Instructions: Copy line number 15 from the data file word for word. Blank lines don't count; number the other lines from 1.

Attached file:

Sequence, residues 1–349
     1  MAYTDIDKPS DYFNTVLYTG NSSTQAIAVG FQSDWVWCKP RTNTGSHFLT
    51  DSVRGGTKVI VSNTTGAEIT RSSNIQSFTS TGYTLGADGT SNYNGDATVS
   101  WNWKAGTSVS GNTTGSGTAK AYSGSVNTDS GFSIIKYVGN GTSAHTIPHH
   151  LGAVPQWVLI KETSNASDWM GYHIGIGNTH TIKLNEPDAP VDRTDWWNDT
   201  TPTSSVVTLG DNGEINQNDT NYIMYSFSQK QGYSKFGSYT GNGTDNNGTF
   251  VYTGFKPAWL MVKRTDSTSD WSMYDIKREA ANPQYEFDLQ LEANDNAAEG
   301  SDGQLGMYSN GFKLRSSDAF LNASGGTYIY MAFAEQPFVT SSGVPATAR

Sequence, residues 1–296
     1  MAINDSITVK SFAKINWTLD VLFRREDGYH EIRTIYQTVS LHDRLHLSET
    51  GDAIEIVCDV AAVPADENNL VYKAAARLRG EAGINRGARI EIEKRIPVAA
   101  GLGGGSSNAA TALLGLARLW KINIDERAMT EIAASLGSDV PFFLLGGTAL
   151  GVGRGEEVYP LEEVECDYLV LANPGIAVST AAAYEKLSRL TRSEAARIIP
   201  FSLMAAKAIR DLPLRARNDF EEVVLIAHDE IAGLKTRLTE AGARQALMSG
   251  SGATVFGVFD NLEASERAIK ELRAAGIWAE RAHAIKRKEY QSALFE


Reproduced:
   251  SGATVFGVFD NLEASERAIK ELRAAGIWAE RAHAIKRKEY QSALFE